The Importance Of Paper Books

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Entertainment is found in many places and in our world and the possibilities are endless. However, most of these possibilities center around technology. Reading is one of the main forms of entertainment that exists, that does not have wires attached. But as our world progresses, developments are made that can alter that. A recent debate addresses the discussion of whether audio books and paper books hold the same value. Paper books hold more value in all aspects of life for reasons including that physical books help people focus better, reading is a life skill, and the effort put into reading is greater than listening.

By reading a paper edition of a book, the reader is committed to be focused. Deane Alban, from Brain Be Fit, a neurology
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Graduate School Dissertation Chair at Northcentral University, Dr. Jennifer Duffy, explained, “Reading is a fundamental skill needed to function in society." (Reading Improves Memory, Concentration and Stress). Society needs people who can read. To be able to read quickly, or to be able to read in depth are both necessary skills that the world needs to be able to continue to progress. Words are how we express ourselves and a boss may not always be around to verbally explain a new task. On a smaller level, our society is built from families. If the head of the family does not read well, the children most likely will not grow up as strong readers. Dr. Duffy continues, "Words...are the building blocks by which a child’s mind grows." Reading is necessary to enlarge the future generation's minds to ensure success. Listening will not always cut it. Reading as a skill is imperative for success. Physical books hold more value because they create readers, which create a bright…show more content…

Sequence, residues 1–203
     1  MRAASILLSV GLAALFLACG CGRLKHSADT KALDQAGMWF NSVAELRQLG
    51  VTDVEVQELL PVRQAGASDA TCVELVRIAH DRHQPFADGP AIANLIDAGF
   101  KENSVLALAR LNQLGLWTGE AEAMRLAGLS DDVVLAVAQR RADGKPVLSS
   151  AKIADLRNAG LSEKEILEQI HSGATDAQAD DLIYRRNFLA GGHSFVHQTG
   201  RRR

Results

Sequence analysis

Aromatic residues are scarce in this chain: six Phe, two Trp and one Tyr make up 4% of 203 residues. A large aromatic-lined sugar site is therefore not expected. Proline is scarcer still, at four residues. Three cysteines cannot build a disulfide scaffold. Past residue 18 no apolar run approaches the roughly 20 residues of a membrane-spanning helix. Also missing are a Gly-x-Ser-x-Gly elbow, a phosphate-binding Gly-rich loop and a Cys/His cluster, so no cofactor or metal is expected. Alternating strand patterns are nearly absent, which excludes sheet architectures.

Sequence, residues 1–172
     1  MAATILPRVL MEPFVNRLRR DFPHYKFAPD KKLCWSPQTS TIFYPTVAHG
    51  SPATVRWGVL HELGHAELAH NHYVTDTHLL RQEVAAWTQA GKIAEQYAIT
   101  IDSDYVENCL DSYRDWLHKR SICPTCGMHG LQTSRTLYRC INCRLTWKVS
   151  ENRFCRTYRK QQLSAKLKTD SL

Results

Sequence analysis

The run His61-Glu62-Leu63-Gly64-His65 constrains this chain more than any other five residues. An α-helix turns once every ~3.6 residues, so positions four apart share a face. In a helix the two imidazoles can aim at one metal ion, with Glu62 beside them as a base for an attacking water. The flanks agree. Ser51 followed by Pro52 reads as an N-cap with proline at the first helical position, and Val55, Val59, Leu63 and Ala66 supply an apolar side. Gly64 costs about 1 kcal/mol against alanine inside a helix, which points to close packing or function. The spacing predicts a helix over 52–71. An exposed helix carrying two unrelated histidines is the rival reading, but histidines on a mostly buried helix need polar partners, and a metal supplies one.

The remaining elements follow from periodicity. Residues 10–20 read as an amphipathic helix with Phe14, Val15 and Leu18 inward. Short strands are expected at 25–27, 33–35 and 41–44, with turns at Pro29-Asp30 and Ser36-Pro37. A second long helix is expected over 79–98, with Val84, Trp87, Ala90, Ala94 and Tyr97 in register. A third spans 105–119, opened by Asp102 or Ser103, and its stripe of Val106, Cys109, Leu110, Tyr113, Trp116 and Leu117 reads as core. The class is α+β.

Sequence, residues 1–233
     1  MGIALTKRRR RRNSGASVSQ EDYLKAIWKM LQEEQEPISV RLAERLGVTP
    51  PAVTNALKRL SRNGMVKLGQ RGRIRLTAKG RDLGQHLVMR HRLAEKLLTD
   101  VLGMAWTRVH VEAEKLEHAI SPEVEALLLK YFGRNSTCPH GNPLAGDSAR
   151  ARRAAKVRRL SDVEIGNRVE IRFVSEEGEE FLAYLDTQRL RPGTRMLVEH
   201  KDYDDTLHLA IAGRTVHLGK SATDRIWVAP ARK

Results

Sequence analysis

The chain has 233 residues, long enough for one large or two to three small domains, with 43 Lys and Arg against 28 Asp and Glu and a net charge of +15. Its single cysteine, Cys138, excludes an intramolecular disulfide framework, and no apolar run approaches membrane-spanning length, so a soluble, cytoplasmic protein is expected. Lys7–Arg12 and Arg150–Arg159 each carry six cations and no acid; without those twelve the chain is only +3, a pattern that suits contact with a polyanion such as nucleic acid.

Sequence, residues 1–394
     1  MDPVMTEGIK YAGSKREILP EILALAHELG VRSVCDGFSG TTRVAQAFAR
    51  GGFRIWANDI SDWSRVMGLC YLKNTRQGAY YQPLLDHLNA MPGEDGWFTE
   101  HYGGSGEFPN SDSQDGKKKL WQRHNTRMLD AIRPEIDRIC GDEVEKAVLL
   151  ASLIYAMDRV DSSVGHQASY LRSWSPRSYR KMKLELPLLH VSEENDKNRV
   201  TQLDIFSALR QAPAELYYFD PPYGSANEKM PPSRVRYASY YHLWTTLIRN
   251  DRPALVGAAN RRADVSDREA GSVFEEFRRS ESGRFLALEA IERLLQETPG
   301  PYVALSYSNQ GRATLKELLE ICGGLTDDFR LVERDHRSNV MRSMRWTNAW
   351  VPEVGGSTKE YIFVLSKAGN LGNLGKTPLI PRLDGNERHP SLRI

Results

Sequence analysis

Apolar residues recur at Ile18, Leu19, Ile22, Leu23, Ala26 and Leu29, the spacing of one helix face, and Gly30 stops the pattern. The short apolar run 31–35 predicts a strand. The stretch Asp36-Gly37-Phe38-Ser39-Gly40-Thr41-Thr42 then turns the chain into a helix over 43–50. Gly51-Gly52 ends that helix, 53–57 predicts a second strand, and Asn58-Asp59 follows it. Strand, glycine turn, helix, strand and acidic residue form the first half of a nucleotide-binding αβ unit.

Rachael Roberts, an English teacher for British Counsel Teaching English says, "However, there is still the issue of whether students will necessarily ‘notice’ the vocabulary." A physical book forces you to recognize the vocabulary. A person stumbles on an unfamiliar word and then feels prompted to learn what it is. Often times with audiobooks, words go by so quickly that people forget what the word was, and they do not feel the need to expand their vocabulary since the confusing word is then in the past. Physically reading also creates healthy work for your brain because your brain goes through a process called decoding. PhD, Nadine Gaab, from Harvard Medical School explains a little girl going through the work process of decoding and reading, saying, "She has to decode words, she has to have the vocabulary once she decodes the words, she has to know meaning of the words, and she has to read fluently so that she can comprehend a whole paragraph,” (Harvard Medical School, Reading and the Brain). This quote shows the extensive work put into learning how to read, and all of the steps to get there. Reading is more than a one-step process. It requires your brain to learn and grow in a way different to understanding a person talk, which one can understand at a younger age. And all the while, your brain gets faster at reading, showing improvement by working at it. Paper books have a greater

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